Wednesday, December 10, 2014
Wednesday, November 26, 2014
Wednesday, August 06, 2014
Famous creative duos—like John Lennon and Paul McCartney, Marie and Pierre Curie, Steve Jobs and Steve Wozniak—usually have a special chemistry. Joshua Wolf Shenk looks at how creative intimacy unfolds, and examines new scientific research into the foundations of creativity. In his book Powers of Two: Finding the Essence of Innovation in Creative Pairs, he reveals how pairs begin to talk, think, and even look like each other; how the most successful creative partners thrive on conflict; and why some duos flame out while others endure.
Tuesday, July 08, 2014
Ross Cheit on his new book The Witch Hunt Narrative: Politics, Psychology, and the Sexual Abuse of Children.
Tuesday, July 30, 2013
"I was giving up something secure for something that, to her mind, was a dream." Richard Russo discusses his memoir Elsewhere, his path toward becoming a Pulitzer Prize-winning novelist, and his lifelong bond with his spirited mother.
Wednesday, April 03, 2013
Mary Roach tells you everything you every wanted to know (and maybe some stuff you didn’t) about human digestion. In Packing for Mars, she wrote about space toilets and for RadioLab she stuck her hand inside a real-live cow’s stomach to experience digestion from the inside. Her new book is Gulp: Adventures on the Alimentary Canal.
Monday, March 04, 2013
The National Book Critics Circle's national awards were given out last week. A number of the winners have been guests on the Leonard Lopate Show, and you can find their interviews in the show archives.
Robert Caro won for his biography of Lyndon Johnson, The Passage of Power. Leonard spoke with him about that book in May, and you can listen to that conversation here.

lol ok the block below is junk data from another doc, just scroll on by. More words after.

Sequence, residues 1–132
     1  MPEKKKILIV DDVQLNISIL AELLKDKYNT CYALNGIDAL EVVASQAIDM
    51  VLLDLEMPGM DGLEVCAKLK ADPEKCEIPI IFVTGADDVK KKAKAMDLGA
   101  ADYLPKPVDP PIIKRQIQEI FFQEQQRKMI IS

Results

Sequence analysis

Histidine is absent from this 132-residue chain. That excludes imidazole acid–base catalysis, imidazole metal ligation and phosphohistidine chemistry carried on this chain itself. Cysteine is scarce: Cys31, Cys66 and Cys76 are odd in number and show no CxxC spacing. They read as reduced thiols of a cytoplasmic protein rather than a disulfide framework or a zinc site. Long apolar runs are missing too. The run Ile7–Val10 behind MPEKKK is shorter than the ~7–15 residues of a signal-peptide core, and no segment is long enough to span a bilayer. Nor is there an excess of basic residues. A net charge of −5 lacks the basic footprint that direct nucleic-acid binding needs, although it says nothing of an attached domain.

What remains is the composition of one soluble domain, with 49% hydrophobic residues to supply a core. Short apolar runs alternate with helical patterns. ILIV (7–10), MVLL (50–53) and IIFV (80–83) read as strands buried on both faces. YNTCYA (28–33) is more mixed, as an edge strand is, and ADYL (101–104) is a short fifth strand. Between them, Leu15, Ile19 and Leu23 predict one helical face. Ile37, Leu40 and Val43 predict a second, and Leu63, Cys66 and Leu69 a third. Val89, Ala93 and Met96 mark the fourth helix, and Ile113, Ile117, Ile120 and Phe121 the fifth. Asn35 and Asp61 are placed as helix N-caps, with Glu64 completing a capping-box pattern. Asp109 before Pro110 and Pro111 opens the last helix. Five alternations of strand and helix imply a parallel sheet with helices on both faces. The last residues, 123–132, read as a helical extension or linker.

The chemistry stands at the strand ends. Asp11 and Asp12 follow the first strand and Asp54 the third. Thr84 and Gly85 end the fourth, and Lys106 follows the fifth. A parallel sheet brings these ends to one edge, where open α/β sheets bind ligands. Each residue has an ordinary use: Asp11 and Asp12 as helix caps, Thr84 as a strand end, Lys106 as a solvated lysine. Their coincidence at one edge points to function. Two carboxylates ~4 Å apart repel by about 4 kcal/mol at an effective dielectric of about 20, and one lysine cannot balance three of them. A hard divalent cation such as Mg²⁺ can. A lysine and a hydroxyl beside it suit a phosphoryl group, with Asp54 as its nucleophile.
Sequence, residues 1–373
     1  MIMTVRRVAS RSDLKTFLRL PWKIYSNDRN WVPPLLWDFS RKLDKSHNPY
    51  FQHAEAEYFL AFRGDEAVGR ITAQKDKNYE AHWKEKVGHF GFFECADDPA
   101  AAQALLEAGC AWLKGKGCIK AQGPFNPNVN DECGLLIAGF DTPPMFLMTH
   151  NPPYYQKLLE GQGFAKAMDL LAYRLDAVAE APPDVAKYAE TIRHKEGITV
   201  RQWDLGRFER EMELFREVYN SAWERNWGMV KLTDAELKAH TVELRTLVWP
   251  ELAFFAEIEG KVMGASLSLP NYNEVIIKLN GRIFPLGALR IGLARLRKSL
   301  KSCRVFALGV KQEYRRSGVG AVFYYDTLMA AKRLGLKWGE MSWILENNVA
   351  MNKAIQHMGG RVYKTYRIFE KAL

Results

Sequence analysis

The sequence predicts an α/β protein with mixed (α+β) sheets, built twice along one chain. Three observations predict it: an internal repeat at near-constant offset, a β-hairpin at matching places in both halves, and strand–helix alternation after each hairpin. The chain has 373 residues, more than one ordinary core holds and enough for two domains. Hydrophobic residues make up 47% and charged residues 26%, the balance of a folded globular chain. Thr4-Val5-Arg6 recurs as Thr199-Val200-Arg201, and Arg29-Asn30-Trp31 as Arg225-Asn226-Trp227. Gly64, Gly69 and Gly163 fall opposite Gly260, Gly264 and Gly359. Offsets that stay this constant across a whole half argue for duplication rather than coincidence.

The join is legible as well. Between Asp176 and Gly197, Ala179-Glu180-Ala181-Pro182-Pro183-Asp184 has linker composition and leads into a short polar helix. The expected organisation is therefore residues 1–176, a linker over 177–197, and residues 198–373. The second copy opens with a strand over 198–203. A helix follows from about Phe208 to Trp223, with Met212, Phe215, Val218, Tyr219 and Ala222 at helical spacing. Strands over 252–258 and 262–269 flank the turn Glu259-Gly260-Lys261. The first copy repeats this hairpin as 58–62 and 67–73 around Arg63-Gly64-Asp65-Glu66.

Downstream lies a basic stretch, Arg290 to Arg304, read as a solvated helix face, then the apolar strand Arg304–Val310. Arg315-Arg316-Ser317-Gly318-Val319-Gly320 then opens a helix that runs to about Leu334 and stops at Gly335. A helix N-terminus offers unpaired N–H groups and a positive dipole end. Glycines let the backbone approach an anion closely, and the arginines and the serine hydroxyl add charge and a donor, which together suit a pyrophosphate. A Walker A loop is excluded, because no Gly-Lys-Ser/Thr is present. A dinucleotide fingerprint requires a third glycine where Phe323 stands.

The general nonfiction award was given to Andrew Solomon for Far from the Tree: Parents, Children, and the Search for Identity. Listen to Leonard's interview with him here.
Ben Fountain's novel Billy Lynn's Long Halftime Walk won the award for fiction. He spoke with Leonard about that book in August, and you can listen to that interview here.
Author and illustrator Leanne Shapton's memoir Swimming Studies won in the category of autobiography. Listen to Leonard's conversation with her here.
Wednesday, June 29, 2011
Tuesday, May 17, 2011
Wednesday, March 16, 2011
A number of authors who have recently won awards for their work have been guests on the Leonard Lopate Show, where they talked about their books and their careers as writers.
Jennifer Egan won the National Book Critics Circle Award for fiction for her novel A Visit from the Good Squad. She was on the Lopate Show on June 10, 2010, to talk about the book, life in Brooklyn, and composing stories in PowerPoint. Listen to that interview here.
Isabel Wilkerson won the National Book Critics Circle Award for nonfiction for her book The Warmth of Other Suns, about the history of migration of African Americans who left the South for northern and western cities. You can listen to her interview with Leonard here.
Darin Strauss won the the National Book Critics Circle Award for autobiography for Half a Life, about being in a car accident as a teenager that killed a classmate. In October he spoke with Leonard about the accident and of writing about it, and you can listen to that interview here.
Deborah Eisenberg won the 2011 PEN/Faulkner Award for The Collected Stories of Deborah Eisenberg, a compilation of her short stories. She was on the Leonard Lopate Show April 5, 2010, to talk about her writing career and her craft. You can listen to that interview here.
Thursday, July 01, 2010
Saturday, October 15, 2005
Paul Theroux has written fiction and nonfiction for more than 35 years. His books on Patagonia, Oceania, and Hong Kong have made him the most acclaimed travel writer of our time. Dark Star Safari chronicles a rail journey the entire length of Africa. His most recent book is ...
Saturday, June 21, 2003
A couple of centuries ago, when the novel was first coming into its own in English literature, writers and publishers had no scruples about pretending their fiction was the god's-honest truth. Then as now, lots of readers felt that nonfiction was more important. Studio 360's David Krasnow went looking ...